by Lauren Drell | Mashable
When starting your business, we know there’s a lot to handle and think about. There’s your (growing) team, your intellectual property, product management and a pinched budget, all while you’re trying to navigate the waters of entrepreneurship. But even without millions your brand can make an impression. All the free social media tools are a great start — Facebook, Twitter, Tumblr, Instagram, YouTube and Pinterest are key, but there’s more you can do to make an impression. We’ve rounded up eight ways to build your brand on the cheap — because there are more important things to spend money and time on, like your product and talent.
1. Killer Customer Service
Yes, it’s annoying when things go awry with a purchase or brand experience — maybe something got lost in the mail or a credit card was accidentally charged twice. But missteps like these are actually blessings in disguise — you can use the opportunity to show off your customer service skills and turn the customer’s experience around, thus winning them over. A bad-experience-turned-awesome can actually be more valuable than a good or expected experience from the get-go, because the customer will have interacted with the brand in a more intimate way and gotten to see your true colors.
People don’t often tell their friends, “I bought something on Fab, and it was delivered right on time” — that’s expected (and, from personal experience, it’s typically what happens). But if something went wrong with the order, and the Fab team went out of their way to make it right and be sure you come back, then that’s something to brag about to your friends. You could also take a proactive approach to customer service — if your team spends a few minutes on the phone to help a customer find exactly what they’re looking for, that’s something to brag about. Everyone’s in a rush these days, so if you’re willing to spend a few extra minutes cultivating relationships with customers — like Jetsetter and Rent the Runway do, to name a few — they’ll tweet about your customer service and Instagram that lamp they bought from you; these positive experiences can be amplified like crazy on the social web (see also: Peter Shankman and Morton’s).
Jumping through hoops makes a customer feel special, and it also impresses them and develops brand affinity. Brand affinities create word-of-mouth buzz, because people love telling their friends about new startups and businesses they have to try.
“We operate on a very lean marketing budget as a young startup,” says Jamie Viggiano, director of marketing at TaskRabbit, adding that word of mouth is a major driver of the startup’s new customer base. “We focus on how we inspire positive WoM — how do we get customers talking about the amazing experience they recently had on TaskRabbit? We work hand-in-hand with our member services team to ensure that every customer experience is a positive one — one that they will proactively and passionately share with their friends. You can surprise and delight customers — at minimal cost — which will inevitably generate positive WoM.”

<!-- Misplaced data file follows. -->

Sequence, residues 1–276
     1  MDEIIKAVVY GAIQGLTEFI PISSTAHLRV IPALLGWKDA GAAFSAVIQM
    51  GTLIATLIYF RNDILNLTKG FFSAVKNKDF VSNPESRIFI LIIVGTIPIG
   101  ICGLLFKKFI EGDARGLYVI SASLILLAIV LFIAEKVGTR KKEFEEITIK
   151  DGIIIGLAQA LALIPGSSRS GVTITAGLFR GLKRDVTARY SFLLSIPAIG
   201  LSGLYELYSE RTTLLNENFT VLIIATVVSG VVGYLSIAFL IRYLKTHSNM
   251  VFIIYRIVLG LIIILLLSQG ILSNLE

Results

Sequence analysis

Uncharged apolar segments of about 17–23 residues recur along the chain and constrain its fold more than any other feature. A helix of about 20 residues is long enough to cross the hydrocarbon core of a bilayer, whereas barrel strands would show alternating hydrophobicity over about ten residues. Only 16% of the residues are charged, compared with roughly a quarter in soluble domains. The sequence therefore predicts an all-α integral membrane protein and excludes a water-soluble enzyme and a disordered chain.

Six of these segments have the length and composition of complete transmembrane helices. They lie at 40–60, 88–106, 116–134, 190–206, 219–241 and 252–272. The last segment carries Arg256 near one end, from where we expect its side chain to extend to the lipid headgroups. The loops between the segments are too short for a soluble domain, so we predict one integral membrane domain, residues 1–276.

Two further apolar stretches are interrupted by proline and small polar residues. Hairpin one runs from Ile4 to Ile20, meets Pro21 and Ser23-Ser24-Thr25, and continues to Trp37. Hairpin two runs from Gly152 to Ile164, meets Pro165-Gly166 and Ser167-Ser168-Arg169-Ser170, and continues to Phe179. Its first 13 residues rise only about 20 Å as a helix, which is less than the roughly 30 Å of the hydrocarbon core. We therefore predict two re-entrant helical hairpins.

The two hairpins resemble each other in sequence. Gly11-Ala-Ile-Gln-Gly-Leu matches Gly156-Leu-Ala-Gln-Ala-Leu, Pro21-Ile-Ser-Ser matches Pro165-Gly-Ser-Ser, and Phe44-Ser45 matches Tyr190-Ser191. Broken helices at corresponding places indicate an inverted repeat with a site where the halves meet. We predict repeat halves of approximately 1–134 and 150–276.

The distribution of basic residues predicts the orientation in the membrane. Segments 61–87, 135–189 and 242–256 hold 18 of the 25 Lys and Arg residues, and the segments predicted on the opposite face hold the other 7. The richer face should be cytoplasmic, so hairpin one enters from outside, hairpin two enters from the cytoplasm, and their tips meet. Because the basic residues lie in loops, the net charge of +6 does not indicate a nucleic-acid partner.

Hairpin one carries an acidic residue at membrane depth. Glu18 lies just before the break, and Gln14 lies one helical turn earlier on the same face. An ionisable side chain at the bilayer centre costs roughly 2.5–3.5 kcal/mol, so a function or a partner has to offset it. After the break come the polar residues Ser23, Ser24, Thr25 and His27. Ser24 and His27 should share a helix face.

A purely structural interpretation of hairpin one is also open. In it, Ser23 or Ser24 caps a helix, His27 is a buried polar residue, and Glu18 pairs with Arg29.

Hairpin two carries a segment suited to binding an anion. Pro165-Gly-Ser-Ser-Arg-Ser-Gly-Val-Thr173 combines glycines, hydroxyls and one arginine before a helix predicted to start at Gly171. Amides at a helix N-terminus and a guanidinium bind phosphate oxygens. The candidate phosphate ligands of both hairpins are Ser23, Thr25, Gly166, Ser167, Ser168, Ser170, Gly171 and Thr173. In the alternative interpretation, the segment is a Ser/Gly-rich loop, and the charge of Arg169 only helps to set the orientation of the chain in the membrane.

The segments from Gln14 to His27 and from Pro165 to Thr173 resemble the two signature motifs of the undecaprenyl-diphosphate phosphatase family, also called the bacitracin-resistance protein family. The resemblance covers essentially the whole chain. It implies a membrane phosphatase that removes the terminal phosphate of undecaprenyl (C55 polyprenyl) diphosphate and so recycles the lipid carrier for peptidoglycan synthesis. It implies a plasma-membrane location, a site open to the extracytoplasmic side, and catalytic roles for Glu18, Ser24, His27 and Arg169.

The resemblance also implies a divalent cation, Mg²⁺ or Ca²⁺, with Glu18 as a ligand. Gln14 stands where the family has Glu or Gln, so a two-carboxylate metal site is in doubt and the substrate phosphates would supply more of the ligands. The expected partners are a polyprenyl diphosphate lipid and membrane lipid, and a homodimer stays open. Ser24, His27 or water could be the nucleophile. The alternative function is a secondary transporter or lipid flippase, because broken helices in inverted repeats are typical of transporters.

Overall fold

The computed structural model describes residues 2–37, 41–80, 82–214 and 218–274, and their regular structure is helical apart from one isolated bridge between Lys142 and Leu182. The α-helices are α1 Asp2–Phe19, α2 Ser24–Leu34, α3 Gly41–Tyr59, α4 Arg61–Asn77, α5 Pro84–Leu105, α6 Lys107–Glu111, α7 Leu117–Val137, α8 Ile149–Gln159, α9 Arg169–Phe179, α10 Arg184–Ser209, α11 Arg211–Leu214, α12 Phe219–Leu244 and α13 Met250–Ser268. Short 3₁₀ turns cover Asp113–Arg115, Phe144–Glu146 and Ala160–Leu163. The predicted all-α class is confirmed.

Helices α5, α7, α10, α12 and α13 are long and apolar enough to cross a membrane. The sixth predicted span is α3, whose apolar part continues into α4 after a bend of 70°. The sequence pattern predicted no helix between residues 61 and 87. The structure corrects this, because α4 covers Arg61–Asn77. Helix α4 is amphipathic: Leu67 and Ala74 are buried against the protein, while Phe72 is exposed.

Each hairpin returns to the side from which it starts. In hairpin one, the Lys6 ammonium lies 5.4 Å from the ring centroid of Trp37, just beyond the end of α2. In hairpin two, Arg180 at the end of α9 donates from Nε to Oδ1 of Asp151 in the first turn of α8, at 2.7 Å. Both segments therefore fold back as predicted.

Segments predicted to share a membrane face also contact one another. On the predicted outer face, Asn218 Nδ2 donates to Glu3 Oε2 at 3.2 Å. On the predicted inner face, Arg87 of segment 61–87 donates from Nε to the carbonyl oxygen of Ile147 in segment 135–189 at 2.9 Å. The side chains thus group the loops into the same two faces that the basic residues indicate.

2. Think Outside the Box
No one ever said you had to spend a ton of money to get your name out there. A big CPG brand might have a budget in the millions, but you can make a splash on a much smaller budget. Look at Dollar Shave Club, which made a splash in March with its low-budget, yet entertaining viral video featuring the company’s CEO, Michael Dubin. As a result of the video — which had a budget of $4,500 — the subscription razor service nabbed five million views on YouTube, 12,000 subscriptions in two days and $1 million from VCs before launch. Not bad for a $4,500 investment. And don’t think it’s the last we’ll see on YouTube of Dubin and Dollar Shave Club.
“Content is a big part of our strategy, and there will be more coming,” Dubin told Mashable. “I wanted people to laugh, and people tend to remember something it if it gives them a visceral response.”
Dollar Shave Club proves you can circumvent the traditional ways of marketing with a little bit of creativity and a sense of humor.
We’ve always heard that two heads are better than one. Well, two brands can be better than one, too. Brands are always looking to expand their audience, so it’s wise to seek out brand partners who share an audience and work out some sort of collaboration. You see it in the fashion world all the time — Matthew Williamson teamed up with H&M, Missoni has a line at Target. These partnerships help both brands build awareness and their audience, which can boost sales. Both sides can bring something fresh to the table, and both brands walk away having learned something about themselves, the audience and what consumers want. For an early startup, you might even be able to get a bigger brand to foot the bill — approach the company with an exciting and new partnership opportunity, and see what they’re willing to give you in return.